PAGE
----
Abstract and Keywords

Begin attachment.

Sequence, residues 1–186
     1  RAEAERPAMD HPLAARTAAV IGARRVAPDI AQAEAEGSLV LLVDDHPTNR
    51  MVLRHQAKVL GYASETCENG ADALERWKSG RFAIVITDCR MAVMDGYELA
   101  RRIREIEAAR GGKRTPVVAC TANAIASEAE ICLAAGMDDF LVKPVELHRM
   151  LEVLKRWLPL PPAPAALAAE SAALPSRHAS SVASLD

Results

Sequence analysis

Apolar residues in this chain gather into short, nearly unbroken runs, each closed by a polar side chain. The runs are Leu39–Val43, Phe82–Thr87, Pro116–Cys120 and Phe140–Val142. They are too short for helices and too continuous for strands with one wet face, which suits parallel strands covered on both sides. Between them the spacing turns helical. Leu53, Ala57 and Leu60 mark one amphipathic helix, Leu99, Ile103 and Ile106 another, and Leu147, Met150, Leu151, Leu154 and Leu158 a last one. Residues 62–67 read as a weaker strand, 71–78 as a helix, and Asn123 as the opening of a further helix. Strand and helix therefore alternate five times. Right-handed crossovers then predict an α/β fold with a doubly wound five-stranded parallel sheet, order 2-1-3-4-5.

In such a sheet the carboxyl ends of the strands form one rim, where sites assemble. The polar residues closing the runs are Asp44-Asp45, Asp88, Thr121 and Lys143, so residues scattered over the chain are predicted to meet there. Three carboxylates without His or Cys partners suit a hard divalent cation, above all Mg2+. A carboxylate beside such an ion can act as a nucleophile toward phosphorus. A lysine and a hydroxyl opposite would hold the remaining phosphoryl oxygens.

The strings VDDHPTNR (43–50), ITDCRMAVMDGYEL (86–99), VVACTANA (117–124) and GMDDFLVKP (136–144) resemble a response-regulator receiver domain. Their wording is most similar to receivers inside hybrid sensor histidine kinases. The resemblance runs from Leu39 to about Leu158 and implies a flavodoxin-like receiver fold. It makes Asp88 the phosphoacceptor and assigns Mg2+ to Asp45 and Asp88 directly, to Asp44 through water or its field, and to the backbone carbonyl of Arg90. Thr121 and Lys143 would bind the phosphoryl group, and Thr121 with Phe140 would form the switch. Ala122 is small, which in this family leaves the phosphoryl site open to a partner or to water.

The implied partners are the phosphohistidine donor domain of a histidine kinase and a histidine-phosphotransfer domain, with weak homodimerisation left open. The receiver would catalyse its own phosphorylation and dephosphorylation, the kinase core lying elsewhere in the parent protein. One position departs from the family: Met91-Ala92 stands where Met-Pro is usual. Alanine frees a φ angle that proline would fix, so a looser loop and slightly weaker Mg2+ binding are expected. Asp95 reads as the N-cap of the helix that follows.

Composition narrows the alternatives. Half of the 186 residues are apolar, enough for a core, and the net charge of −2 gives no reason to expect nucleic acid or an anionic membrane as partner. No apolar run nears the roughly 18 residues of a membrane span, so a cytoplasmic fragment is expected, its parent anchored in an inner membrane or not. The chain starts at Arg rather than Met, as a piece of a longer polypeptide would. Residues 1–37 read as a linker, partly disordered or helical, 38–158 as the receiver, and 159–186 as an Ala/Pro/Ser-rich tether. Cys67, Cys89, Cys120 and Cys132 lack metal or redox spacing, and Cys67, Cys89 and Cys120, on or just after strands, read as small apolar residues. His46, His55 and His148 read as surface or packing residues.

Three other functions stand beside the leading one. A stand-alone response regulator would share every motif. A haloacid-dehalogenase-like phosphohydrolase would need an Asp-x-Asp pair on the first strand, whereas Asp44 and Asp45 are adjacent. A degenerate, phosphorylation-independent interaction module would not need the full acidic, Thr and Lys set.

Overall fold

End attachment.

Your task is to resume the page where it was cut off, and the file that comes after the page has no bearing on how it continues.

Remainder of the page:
This chapter considers a form of attention-based meditation as a novel means to gain insight into the mechanisms and phenomenology of spontaneous thought. Focused attention (FA) meditation involves keeping one’s attention on a chosen object, and repeatedly catching the mind when it strays from the object into spontaneous thought. This practice can thus be viewed as a kind of self-caught mind-wandering paradigm, which suggests it may have great utility for research on spontaneous thought. Current findings about the effects of meditation on mind-wandering and meta-awareness are reviewed, and implications for new research paradigms that leverage first-person reporting during FA meditation are discussed. Specifically, research recommendations are made that may enable customized analysis of individual episodes of mind-wandering and their neural correlates. It is hoped that combining detailed subjective reports from experienced meditators with rigorous objective physiological measures will advance the understanding of human consciousness.
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